As I mentioned not too long ago, I binge-watched all episodes of Nadiya’s show Time to Eat, and shared some of her recipes here already. I have one more for you, her take on Chicken Shawarma. Could not be simpler. Season the meat, pack it inside a loaf pan (preferably cast iron), and stick it in the oven. Come back 40 minutes later to tender, juicy meat, full of flavor. We enjoyed it over Farro and Roasted Butternut Squash. Quite a delicious meal…

(slightly modified from Nadiya Hussain’s recipe)

8 boneless, skinless chicken thighs
2 tbsp cornstarch
2 tsp salt
1 tsp ground cumin
1 tsp coriander
1 tsp paprika
1 tsp turmeric
½ tsp ground cloves
1 tsp cayenne pepper
1 tsp ground cinnamon
2 tbsp vegetable oil

Heat the oven to 375F and lightly grease a] loaf pan (cast iron is ideal, but not mandatory).

For the shawarma, mix together the cornstarch, salt, cumin, coriander, paprika, turmeric, cloves, cayenne and cinnamon.

Put the oil into a bowl, then add the chicken and stir it around. Add the dry spice mix and stir to coat all the chicken pieces well. Layer the pieces of chicken in the loaf tin and press down, then bake in the oven for 40 minutes.

When the chicken is ready, leave it in the tin for 10 to 15 minutes, before inverting the pan on a serving platter. Careful, as the pan will still be pretty hot, especially if you used cast iron.

Serve right away with the side dish of your choice or flatbreads.


to print the recipe, click here

Comments: When I watched the show, I kept telling myself there’s no way this could have a happy ending. It all seemed too simple. I doubted the chicken would be fully cooked, and expected it to have too firm a texture. But something told me to just give it a try. My main modification was to reduce the salt and the cayenne. I am not sure if it was a typo in the recipe as published in the site, but it called for 2 full tablespoons of salt and it was truly too much (I made this recipe twice, the second time with my regular amount of salt, and that’s the version I share with you today).

I forgot the cilantro when I brought it to the table, and quickly fixed the problem, because a bit of green adds joy to the picture. Give this recipe a try, and you won’t be disappointed. To see exactly how she does it go to Netflix (this episode).  Around 6 min and 45 seconds she starts preparing it.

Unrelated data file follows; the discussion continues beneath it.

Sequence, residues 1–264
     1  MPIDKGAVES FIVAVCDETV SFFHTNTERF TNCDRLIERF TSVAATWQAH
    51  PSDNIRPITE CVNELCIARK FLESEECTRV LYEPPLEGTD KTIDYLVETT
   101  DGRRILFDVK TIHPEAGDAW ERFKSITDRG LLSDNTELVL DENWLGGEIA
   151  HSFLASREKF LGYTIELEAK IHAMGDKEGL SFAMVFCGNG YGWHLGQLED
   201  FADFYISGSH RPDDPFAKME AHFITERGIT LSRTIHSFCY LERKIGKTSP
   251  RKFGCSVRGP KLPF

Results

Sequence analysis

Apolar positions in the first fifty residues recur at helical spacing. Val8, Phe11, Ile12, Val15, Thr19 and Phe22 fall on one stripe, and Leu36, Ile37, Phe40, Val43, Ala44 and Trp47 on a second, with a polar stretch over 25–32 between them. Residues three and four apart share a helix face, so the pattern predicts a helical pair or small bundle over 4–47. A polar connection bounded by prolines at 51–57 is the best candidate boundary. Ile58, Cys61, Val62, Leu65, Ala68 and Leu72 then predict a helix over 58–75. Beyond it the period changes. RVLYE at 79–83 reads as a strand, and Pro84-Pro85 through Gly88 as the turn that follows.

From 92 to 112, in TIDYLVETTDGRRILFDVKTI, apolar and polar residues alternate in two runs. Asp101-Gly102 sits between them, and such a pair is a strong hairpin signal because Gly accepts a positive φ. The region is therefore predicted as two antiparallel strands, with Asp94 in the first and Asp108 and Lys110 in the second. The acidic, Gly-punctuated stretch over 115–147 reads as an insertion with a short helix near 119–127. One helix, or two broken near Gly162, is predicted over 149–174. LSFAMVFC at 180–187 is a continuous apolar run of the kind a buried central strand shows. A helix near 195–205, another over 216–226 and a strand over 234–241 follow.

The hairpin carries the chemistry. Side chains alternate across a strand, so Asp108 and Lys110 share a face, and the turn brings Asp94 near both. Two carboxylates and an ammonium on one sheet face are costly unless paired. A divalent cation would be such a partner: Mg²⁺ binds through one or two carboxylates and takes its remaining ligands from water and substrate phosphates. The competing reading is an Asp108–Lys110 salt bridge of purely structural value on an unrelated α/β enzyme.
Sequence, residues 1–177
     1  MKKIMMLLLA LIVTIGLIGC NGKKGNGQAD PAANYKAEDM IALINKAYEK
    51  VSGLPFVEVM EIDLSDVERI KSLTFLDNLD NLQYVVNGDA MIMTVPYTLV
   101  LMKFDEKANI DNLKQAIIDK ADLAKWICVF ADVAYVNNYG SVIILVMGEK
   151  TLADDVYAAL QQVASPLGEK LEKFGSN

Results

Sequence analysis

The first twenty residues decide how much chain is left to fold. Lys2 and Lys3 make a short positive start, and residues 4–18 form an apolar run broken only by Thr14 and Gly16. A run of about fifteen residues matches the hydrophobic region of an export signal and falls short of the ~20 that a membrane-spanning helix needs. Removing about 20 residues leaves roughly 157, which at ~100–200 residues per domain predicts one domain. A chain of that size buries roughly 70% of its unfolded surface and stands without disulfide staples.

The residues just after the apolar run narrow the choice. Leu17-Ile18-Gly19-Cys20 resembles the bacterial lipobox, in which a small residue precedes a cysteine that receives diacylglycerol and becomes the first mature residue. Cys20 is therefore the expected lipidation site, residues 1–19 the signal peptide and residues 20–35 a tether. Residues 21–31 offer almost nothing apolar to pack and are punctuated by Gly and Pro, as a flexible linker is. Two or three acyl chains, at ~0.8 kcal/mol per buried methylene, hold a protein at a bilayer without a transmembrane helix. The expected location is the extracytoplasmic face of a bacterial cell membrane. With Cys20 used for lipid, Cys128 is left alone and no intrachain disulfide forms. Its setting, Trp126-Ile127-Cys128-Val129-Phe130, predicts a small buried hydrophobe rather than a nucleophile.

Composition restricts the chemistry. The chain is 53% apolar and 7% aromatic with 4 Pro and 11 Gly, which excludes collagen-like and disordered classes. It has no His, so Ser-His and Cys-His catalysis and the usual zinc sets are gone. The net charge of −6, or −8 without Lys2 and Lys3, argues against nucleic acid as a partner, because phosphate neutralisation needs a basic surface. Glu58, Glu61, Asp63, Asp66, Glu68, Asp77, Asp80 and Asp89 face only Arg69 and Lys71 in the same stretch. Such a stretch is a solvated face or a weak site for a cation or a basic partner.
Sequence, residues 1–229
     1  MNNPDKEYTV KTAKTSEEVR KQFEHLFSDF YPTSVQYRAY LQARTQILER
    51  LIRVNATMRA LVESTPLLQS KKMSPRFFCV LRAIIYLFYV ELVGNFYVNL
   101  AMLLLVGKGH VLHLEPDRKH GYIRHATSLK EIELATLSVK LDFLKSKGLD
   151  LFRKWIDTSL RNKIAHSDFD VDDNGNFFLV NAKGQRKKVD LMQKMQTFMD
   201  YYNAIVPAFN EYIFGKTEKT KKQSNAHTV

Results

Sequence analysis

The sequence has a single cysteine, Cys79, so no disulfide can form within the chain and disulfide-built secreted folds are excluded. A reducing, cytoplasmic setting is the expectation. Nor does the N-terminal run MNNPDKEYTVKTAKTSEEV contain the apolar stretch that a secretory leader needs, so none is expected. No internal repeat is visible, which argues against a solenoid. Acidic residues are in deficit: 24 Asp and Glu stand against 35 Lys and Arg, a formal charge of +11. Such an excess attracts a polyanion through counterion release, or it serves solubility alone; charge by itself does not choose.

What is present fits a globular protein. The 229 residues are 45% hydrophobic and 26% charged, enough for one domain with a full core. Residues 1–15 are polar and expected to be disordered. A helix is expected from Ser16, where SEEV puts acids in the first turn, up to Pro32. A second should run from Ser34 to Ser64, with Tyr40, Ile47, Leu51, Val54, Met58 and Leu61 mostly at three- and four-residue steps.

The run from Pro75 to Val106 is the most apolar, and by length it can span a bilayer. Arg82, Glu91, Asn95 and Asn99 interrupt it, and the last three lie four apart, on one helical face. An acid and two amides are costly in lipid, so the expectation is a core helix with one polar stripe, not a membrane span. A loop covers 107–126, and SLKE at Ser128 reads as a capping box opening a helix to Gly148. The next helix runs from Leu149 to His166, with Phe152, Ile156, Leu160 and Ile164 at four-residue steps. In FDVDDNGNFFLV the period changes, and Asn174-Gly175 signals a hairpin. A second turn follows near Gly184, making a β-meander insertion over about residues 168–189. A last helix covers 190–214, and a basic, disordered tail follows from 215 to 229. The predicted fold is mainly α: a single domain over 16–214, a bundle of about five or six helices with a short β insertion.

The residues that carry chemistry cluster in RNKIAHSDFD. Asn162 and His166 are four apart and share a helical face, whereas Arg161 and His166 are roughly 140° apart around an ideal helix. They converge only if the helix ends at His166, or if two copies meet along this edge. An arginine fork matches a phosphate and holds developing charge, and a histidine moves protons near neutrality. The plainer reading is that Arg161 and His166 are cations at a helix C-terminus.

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  1. Absolutely love shawarma but as I have two fabulous spice merchants in Sydney and Melbourne have oft simply bought the fresh mix !! Well, am very grateful to receive ‘your way’ – as I have all needed at home this will be on the menu by the weekend ! And I also always have farro in hand and some butternut pumpkin in the house . . . so !!!

    Liked by 1 person

    • you are all set! I hope you like it, it does feel odd as you are making it, with all that feeling of “this is a strange way to do chicken” – but it worked well, I intend to make it again soon


  2. Peter made this for dinner last night, and thanks you from the bottom of his heart that you adjusted the salt content. We had it with butternut squash and barley — absolutely delish! There is enough left over for dinner tonight, and will have it with raita and (very not traditional!) cheddar and jalapeno scones. Excellent recipe! A definite keeper.


  3. I so want to make this! FWIW, I checked the online recipe from the Penguin House cookbook website that features Nadiya’s Time to Eat cookbook, and it only called for 1 TBL salt for 750 gm (26.5oz) chicken thighs. So I’m going with that.

    Three questions: Is there a reason why you didn’t slice the thighs in half as called for in her recipe to make more layers? Did you slice off the cooked chicken in strips to mimic spit-roasted kebab meat like Nadiya did? And finally did you preheat your cast iron loaf pans (a brilliant suggestion, BYW) before adding the chicken? Thanks for the inspiration! I love visiting your blog.


  4. I too could not fathom 1 tbsp of cayenne for 1.5# of chicken, and reviewers elsewhere complained of too much salt. Thanks for making the corrections.


    • You are welcome… I do think some people might tolerate a lot more spice and salt because the more you use the more your taste buds get adapted to it, so I rather moderate 😉


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